THE pressure of the football transfer window can cause confusion among everyone involved in the game. Players don't know if they're on the move or not, managers don't know if they're going to get who they want and fans can be so driven to distraction that they can cheer in hysterical delight at the news that their club has just signed Peter Crouch.
Pundits, too, can get caught up in the rush and last week both Robbie Savage (on BBC 5 live) and John Giles (on Newstalk) made the same mistake of confusing Arsenal's new centre-half Per Mertsacker with his fellow German defender, Christoph Metzelder.
Savage was, well, savage about Mertsacker's poor spell at Real Madrid, while Giles insisted that "he was a total failure there." Metzelder is the one who played in Madrid, not Mertsacker.
Giles then added that "I didn't even fancy him in the German team," although when Newstalk's Eoin McDevitt, who seemed a little confused about the Real Madrid connection but went along with it anyway, pointed out that he must be of some use to have been capped 68 or 69 times for Germany (Mertsacker has 75 caps) Giles did concede that he was okay.
All that Gunners' fans can hope for is that Arsene Wenger was better informed and that he has signed the player he wanted. After all, he doesn't want to end up like Mike Bassett in the ITV series who signed Dutchman Ronnie van Needlemans on the basis of a video of several spectacular goals sent by his agent.
When Van Needlemans arrives at Wirral County, it soon becomes apparent that he can't kick his way out of a paper bag. In frustration, Bassett brings the player inside to show him the video and the bewildered Dutchman explains that he is not the striker in the clips -- he is the goalkeeper.
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AND staying with punditry, it never ceases to amaze how Sky can get it so wrong with football when they excel at so many other sports. Last Wednesday, we tuned into Old Trafford for a thrilling Twenty20 international between England and India and were instantly assuaged by the mellifluous tones of Nasser Hussain and David 'Bumble' Lloyd, two important cogs in an expert team who rarely fail to locate the correct balance between incisive analysis and sheer entertaining commentary.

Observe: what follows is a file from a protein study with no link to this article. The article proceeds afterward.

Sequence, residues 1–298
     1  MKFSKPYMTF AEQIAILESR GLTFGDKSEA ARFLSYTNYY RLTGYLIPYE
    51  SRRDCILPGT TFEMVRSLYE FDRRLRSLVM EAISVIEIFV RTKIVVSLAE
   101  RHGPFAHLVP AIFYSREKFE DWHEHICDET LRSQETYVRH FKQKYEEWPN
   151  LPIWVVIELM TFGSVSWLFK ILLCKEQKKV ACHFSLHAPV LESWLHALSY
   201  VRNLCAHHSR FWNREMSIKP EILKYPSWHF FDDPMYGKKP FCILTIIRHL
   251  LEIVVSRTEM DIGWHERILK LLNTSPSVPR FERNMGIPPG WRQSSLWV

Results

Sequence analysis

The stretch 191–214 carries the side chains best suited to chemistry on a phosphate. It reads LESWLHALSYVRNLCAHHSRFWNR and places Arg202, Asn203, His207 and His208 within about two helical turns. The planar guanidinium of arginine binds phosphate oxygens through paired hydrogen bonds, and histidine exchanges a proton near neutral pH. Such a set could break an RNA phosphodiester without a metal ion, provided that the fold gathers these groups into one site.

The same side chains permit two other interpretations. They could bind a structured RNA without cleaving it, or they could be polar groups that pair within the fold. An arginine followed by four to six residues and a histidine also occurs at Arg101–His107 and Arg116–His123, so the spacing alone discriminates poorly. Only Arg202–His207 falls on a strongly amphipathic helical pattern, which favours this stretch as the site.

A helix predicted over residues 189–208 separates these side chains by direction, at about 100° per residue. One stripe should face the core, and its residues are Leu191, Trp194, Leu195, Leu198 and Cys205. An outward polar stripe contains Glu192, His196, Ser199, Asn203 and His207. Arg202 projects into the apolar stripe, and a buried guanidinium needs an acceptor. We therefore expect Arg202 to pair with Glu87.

One major gripe, though. As legendary Indian batsman Rahul Dravid was making his international debut in this format, Hussain and Lloyd played the statistic up to a ludicrous degree, portraying the 38-year-old as a ham-fisted novice who hadn't a clue what he was doing. It was all harmless fun, of course, but the pair hammered it to the point where the joke lost whatever tiny edge it had and began to sound grating and horribly patronising. Worst of all, the fact that Dravid had played four seasons of Twenty20 in the Indian Premier League as well as two seasons in the Champions League seemed, somehow, to have escaped their notice completely.
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In advance of today's All-Ireland final, From the Stands reckons that Denis Byrne received more requests for tickets than most. Byrne played championship hurling with both counties in the past -- the Graigue-Ballycallan man captained Kilkenny to the 1999 Leinster title and changed club and allegiance in 2003, joining Tipp's Mullinahone. He made his championship debut for Tipperary against Laois, at Portlaoise, in a qualifier game on June 14. Denis lined out at full-forward, scored 0-6 and won man of the match in many quarters. He also played against Galway in the next round and came on as a substitute against Offaly in the quarter-final victory at Croke Park. Maybe it's no bad thing that he didn't play against Kilkenny in the semi-final.
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After a series of blunders Ortis Deley was dropped as the main presenter of the World Athletics Championships on Channel Four but he popped up again in the stands interviewing fans yesterday. At least there he can't ask Michael Johnson if he has ever done the pole vault or forget the names of some of the biggest names in athletics or his fellow presenters.
Fergus McDonnell, John O'Brien, and Damian Lawlor
Sunday Indo Sport